As I mentioned earlier, from my childhood I loved to write and tell stories to inspire people. I dreamt of becoming an author “someday”. Now, you and I know that when it comes to writing there is no such thing as “someday” so that “someday” never came to pass. I began the journey of pursuing that dream of becoming an author, but somewhere along the way…life happened. I never actually followed through on that dream.  I cannot begin to tell you how many book ideas I have had over the years. I would start, stop, start over again, and eventually give up. When I observed that I had somehow lost sight of my dreams of becoming an author and the fulfillment of that dream was lacking, I desired a fresh start and chose to look in a different direction.

I sought counsel by studying other experienced authors I could relate to. I learned that I wasn’t alone in my struggle to follow through on great ideas. I also learned the single most important lesson every aspiring author needs to know and it’s this: choose one book title, and then focus and commit to that book title every day until the book is complete and published. It seemed very difficult and unattainable at first, but the moment I made that choice and committed to writing something every day and at a specific, dedicated time, I began to see remarkable progress. As I write in the book, I am so glad I discovered what I needed to do and I did it…and now…it’s history. I learned from my struggles that focus and commitment will lead you to completion if you don’t give up.


‘Fresh Start’ is available in major book stores in the US. How were you able to achieve such a great feat?

HARD and PERSISTENT work! Let’s just say I asked my way out of zero with this book. I dreamt of producing a bestseller quality with this book. I worked hard on every detail of the book from the cover to the layout to its distribution. I personally researched how the book could be listed on some of the world’s largest distribution channels and applied to be listed. This made it easier for booksellers to find, source and list my book.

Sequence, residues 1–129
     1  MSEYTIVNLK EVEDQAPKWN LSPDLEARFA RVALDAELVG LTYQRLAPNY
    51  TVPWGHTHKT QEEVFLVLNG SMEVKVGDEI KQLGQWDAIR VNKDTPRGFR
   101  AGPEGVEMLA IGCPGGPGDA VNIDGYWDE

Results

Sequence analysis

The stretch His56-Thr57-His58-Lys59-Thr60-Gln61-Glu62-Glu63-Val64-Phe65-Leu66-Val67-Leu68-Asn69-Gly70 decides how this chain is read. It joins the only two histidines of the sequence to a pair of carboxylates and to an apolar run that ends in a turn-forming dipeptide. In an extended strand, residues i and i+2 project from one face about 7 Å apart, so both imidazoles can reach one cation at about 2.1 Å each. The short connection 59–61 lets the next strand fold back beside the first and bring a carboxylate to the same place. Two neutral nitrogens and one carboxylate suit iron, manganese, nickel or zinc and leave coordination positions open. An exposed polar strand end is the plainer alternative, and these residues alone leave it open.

In your journey as a writer, can you share some of your most rewarding moments with us?

One major highlight for me was when I received and held the printed proof copy of the paperback book in my hands for the very first time. Another moment was when my eight-year-old son took a copy of the book to school to show his teachers and friends.  A third and very special moment for me was when I arrived at the live book launch event.  It really did feel like a dream. I also will never forget when the hardcover copy finally arrived, I remember driving with the book holding it so close to my heart…hoping it won’t slip away.

You are committed to helping women to win in life, love and business. Why did you decide to focus on women?

…Because I am a woman (chuckles). More than ever before I am better able to articulate my life purpose or let’s just say my life calling. Along with my past experiences, I have paid attention to my path in life and discovered that I was born to lead and inspire women first. Fulfilling this role comes naturally and very passionately for me. It only made sense that I raise my hands and answer the call.

In my journey, I observed that there are not enough written or spoken resources that specifically address or support the struggles women face and in the language women understand and desperately seek.

I hope to harness the power of technology using my written and spoken voice to help women bridge the gap of where they are and where they want to be in life, love and business – I haven’t met any woman that doesn’t want to thrive in any of these areas.

You also have an app; can you tell us all about it?

In 2014, I felt inspired to start a podcast with my name. I titled it ‘The Jokotade Show’. I had no idea what it would evolve into. The Jokotade Show became an avenue for me to cover a diverse set of topics to meet the many different needs of my audience. I have since seen the need to breakup The Jokotade Show into specialized segments – resulting in The Jokotade Network of Shows. Each show is true to my personality, the many hats I wear and the many roles I juggle every day. I also developed an App for the convenience of my audience. The App is called ‘Jokotade’ and it helps my audience access their favourite shows from The Jokotade Network on their mobile devices.  It’s like having your own success coach everywhere you go (laugh out loud).



Aside from becoming a published writer, what other writing goals do you have?

It’s no secret that I am passionate about writing nonfiction. I dream of writing over 50 nonfiction titles, however, I do also have a dream of writing romance titles for television one day. Let’s just say I am a hopeful romantic and I hope to spread the goodness of love to the next generation – laughing out loud.